Another ICO Cracked Down by SEC, Even the Investors Can be Punished by Law

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Another ICO Cracked Down by SEC, Even the Investors Can be Punished by Law

The US Securities and Exchange Commission (SEC) has cracked down on an initial coin offering (ICO) called PlexCoin for illicitly distributing securities without the approval and authorization from the SEC.

SEC Steps In

On June 20, 2018, the U.S. SEC disclosed that local authorities have requested the police to freeze the assets and holdings of PlexCoin project operators, alleging Dominic Lacroix, a Canadian securities’ violator, for unlawfully utilizing secret accounts and personal accounts of other individuals to launder money received during the token sale.

The SEC’s litigation release read:

“The SEC’s request for an additional asset freeze, filed in federal court in Brooklyn, New York, alleges that, since the original freeze in December, Lacroix had been using secret accounts, including an account in his brother’s name but which he controlled, to improperly dissipate for personal use digital assets obtained from investors during the PlexCoin Initial Coin Offering (ICO).”

Clear Intent of Shutting Down Securities Tokens 

Jay Clayton, the chairman of the SEC, has previously said every ICO he has seen is a security and that any token that primarily benefits a single individual or organization can be considered a security on the existing definition of a security. Clayton further emphasized the organization will not change the definition of a security to embrace ICOs.

This week, the SEC clarified, for the first time in the history of the cryptocurrency sector, that bitcoin and Ether, the native cryptocurrency of the Ethereum blockchain protocol, are not securities.

At the Yahoo Finance All Markets Summit, SEC Division of Corporate Finance director William Hinman said:

“And putting aside the fundraising that accompanied the creation of Ether, on my understanding of the present state of Ether, the Ethereum network and its decentralized structure, current offers and sales of Ether are not securities transactions. And, as with Bitcoin, applying the disclosure regime of the federal securities laws to current transactions in Ether would seem to add little value.”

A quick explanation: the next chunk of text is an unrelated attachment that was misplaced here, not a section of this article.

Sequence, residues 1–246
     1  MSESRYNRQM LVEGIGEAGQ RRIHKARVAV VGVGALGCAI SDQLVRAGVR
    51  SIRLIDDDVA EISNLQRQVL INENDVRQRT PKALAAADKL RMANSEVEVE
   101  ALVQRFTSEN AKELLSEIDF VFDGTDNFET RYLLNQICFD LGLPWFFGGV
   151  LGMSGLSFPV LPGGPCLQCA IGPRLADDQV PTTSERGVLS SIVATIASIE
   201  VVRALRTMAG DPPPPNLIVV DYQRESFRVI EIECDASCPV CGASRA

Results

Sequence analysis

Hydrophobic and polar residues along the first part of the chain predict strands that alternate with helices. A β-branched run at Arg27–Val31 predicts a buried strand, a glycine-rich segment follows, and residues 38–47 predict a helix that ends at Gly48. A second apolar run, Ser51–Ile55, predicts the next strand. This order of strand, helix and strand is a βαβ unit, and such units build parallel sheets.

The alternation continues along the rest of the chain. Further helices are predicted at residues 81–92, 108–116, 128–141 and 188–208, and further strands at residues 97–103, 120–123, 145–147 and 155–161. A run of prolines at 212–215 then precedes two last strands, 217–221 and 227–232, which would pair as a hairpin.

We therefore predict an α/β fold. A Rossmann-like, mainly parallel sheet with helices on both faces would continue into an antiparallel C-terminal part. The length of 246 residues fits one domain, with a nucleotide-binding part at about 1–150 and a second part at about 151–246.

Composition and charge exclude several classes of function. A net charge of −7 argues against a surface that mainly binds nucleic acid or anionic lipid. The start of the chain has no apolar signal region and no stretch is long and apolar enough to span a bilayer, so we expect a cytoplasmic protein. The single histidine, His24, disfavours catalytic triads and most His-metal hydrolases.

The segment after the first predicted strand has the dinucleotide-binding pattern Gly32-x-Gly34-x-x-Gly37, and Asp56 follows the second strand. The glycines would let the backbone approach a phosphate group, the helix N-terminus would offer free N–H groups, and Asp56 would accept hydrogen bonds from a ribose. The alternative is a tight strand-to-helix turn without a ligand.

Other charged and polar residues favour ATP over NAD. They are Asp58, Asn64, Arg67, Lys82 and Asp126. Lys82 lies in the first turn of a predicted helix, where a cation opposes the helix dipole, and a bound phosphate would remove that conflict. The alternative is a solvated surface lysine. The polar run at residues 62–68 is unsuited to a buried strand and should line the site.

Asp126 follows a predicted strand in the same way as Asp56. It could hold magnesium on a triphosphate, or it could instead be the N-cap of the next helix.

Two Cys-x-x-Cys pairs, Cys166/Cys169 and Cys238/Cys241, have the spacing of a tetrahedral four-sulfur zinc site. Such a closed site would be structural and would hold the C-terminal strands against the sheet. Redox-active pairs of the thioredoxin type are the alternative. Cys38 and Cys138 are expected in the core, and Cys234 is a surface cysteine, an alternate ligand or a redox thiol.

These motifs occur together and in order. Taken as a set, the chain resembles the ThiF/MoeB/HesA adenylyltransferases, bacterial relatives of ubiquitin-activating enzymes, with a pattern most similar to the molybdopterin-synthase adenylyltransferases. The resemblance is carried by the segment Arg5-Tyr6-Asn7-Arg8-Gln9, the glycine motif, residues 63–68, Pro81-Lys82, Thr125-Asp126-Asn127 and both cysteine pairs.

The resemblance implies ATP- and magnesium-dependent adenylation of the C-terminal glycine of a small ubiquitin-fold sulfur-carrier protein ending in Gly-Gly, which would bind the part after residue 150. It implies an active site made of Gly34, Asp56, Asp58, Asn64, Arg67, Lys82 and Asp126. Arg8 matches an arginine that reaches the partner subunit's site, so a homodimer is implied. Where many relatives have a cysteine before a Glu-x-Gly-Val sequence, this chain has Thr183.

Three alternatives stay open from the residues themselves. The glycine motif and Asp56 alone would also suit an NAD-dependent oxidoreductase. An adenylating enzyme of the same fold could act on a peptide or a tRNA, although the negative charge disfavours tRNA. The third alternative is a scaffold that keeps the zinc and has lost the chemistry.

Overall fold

To Coinbase, the categorization of Ethereum as a currency rather than a security directly meant Ethereum Classic, a hard fork of the Ethereum blockchain, is also by definition, not a security. Almost immediately after the approval of the SEC of Ethereum as a currency, the biggest cryptocurrency exchange and brokerage in the world added Ethereum Classic to its platform.

Intent Behind the SEC

The categorization of bitcoin and Ethereum, which evidently are not securities, as securities would have shut down the entire blockchain sector in the US. The optimistic comments from the SEC has demonstrated the agency’s plan to embrace the blockchain industry and sustain its cryptocurrency market while protecting investors and cracking down on ICOs whose sole purpose of existence is to defraud investors.

By US law, as explained by Chris Concannon, the president of the Chicago Board Options Exchange (Cboe), one of the largest futures market in the global finance sector, distributing or selling tokens generated by ICOs categorized as securities by the SEC could result in investors being punished by local financial authorities as unauthorized security distributors.

As such, especially for investors from the U.S., being involved in projects like PlexCoin, both directly and indirectly, could lead to a series of legal troubles if due diligence is not conducted beforehand.

Joseph Young

Joseph is a bitcoin enthusiast, financial consultant, web developer writer based in Hong Kong. He has worked with hotels and tech firms in Korea, the Philippines, Hong Kong and Singapore as a front-end developer and has collaborated with venture capital firms to explore bitcoin and virtual reality-focused startups in South East Asia.